‘Frasier’ Star Kelsey Grammer Didn’t Want to Initially Do Spin-Off

by Allison Hambrick
SAN DIEGO, CALIFORNIA - JULY 20: Kelsey Grammer speaks onstage at the #IMDboat at San Diego Comic-Con 2019: Day Three at the IMDb Yacht on July 20, 2019 in San Diego, California. (Photo by Tommaso Boddi/Getty Images for IMDb)

Despite the eventual success of the series, Frasier star Kelsey Grammar wasn’t game for the Cheers spinoff at first.

“I wanted to kill Frasier,” Grammer revealed in an appearance on The Rich Eisen Show. “It’s time for him to end. Cheers is over. Let’s do something else. Because I had a deal with Paramount that they said ‘we’re gonna do another show when Cheers is over, with you.’ So I approached the guys from Wings, and that was Angel Casey and Lee David. Angel, you know, died on 9/11. We talked about doing a show about a guy on a motorcycle, ’cause I used to ride a motorcycle, and they thought ‘let’s take something from real life,’ who’s bedridden because of a terrible accident. That was not part of real life… The president of Paramount at the time, John Pike, said ‘this is not funny. You know what? I think a sitcom should be funny, so what do you say we do Frasier?’ And I said ‘well, okay.'”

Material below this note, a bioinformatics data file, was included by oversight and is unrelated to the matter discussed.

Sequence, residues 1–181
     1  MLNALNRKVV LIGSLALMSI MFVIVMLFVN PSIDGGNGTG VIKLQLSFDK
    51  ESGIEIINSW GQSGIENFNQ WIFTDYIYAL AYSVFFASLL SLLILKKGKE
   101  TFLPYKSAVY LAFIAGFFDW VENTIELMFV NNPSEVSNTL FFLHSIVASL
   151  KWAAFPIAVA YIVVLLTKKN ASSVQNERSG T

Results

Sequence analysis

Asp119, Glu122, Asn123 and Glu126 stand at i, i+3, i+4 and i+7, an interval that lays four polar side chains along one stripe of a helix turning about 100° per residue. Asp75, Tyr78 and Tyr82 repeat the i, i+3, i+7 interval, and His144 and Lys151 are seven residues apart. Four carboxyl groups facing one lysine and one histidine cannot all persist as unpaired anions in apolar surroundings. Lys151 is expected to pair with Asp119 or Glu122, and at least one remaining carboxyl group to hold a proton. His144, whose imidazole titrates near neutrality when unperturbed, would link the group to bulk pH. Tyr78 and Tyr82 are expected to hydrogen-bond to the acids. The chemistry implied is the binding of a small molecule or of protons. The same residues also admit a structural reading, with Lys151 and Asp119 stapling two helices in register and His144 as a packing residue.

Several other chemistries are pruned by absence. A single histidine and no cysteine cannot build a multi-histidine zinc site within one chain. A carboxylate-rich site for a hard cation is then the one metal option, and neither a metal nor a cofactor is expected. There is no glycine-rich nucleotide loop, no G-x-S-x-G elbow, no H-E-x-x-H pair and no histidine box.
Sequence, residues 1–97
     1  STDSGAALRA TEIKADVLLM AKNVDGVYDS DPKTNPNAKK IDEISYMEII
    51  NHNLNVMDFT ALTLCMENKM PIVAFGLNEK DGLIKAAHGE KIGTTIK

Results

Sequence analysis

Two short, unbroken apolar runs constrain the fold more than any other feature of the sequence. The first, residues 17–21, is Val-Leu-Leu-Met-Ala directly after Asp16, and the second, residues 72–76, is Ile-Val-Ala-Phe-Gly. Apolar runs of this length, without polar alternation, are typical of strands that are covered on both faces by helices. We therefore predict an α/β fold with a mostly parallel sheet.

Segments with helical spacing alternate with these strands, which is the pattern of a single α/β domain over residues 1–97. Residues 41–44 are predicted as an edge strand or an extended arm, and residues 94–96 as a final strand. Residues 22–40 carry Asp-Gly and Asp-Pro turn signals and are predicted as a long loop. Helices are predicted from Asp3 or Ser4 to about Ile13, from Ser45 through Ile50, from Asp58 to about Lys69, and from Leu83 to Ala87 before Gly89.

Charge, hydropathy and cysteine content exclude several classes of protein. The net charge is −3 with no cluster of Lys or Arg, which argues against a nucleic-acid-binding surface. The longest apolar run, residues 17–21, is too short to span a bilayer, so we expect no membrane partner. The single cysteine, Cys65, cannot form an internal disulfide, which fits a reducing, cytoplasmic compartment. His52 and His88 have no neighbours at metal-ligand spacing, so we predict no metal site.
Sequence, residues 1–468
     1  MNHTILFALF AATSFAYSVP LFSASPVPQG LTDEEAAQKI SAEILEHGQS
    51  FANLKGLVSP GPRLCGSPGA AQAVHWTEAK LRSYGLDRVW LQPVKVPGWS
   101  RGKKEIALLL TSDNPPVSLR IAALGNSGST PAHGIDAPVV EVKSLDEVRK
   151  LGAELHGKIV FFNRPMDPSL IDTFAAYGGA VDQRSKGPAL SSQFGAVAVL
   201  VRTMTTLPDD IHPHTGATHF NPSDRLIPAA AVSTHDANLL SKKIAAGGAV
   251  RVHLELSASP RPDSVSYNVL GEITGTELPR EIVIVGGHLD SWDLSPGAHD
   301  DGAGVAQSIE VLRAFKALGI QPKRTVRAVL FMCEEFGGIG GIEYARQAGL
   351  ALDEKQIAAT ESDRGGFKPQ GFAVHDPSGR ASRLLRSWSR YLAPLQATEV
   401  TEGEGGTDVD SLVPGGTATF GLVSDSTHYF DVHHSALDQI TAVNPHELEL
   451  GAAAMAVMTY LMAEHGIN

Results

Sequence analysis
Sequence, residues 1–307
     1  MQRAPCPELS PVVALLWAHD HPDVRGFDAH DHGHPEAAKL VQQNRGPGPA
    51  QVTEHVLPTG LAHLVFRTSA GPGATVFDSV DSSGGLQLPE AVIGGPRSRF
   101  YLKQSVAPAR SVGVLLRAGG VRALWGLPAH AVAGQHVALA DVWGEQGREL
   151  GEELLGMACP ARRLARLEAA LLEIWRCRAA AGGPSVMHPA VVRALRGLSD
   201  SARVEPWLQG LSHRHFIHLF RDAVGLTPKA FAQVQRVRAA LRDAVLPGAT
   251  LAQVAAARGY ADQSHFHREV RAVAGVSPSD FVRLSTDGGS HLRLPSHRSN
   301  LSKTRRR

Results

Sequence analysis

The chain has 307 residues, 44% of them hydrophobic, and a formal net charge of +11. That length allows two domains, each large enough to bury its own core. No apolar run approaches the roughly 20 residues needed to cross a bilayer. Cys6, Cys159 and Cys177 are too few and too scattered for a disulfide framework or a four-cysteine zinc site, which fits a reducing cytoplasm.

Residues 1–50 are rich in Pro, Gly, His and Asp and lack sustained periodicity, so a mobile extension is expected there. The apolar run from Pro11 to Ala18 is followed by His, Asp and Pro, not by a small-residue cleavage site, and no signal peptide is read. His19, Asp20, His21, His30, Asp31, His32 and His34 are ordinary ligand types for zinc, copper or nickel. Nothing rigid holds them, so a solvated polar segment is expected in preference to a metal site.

According to Grammer, he had only a few stipulations to play Frasier Crane again. The show would be made, but it had to be on his terms.

“I did say at the time: no kids, no dogs, no wives,” Grammer explained. “So we got rid of Lilith, not because it wasn’t possible to do that show, but didn’t seem to have the legs that you’d need to get further along. I thought we were kind of a one joke couple. Bebe [Neuwirth] came back and did a couple of shows for us, but that was the right stuff. The dog, I lost on. The kid, I lost on. It’s okay.”

Grammer’s instincts were right on the money. Frasier lasted 11 seasons from 1993 to 2004, as long as Cheers. The series was incredibly well-received by critics and audiences. It won 37 Primetime Emmy Awards, nine more than its parent series. Grammer himself won four.

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Interestingly, Grammer joining Cheers only happened because a fellow Juilliard graduate vouched for him.

“I was doing a play in New York City, a musical, and I went to lunch with a girl named Gretchen Rennell, who was casting director for Paramount Pictures,” Grammer revealed. “And she said, ‘Mandy Patinkin told me that you’re a funny leading man type.’ And I said, ‘Yeah, I guess he’s right about that.’”

Both Patinkin and Grammer attended Juilliard in the 1970s. Among their classmates were Kevin Conroy, Robin Williams, and Christopher Reeve. While Grammer ultimately never graduated, he made lifelong friendships there. Friendships that he owes his success to.

“[I went in] and did a personality piece, which is basically where you go on video and talk about ten things that you like or whatever,” Grammer remembered. “And so they did this with me for this character called Frasier Nye. I thought Frasier Nye was the wrong name so they ended up making him ‘Crane’ after that.”

The rest was history. The writers shaped Frasier Crane around Grammer’s strengths, and he became an iconic figure in American television history.

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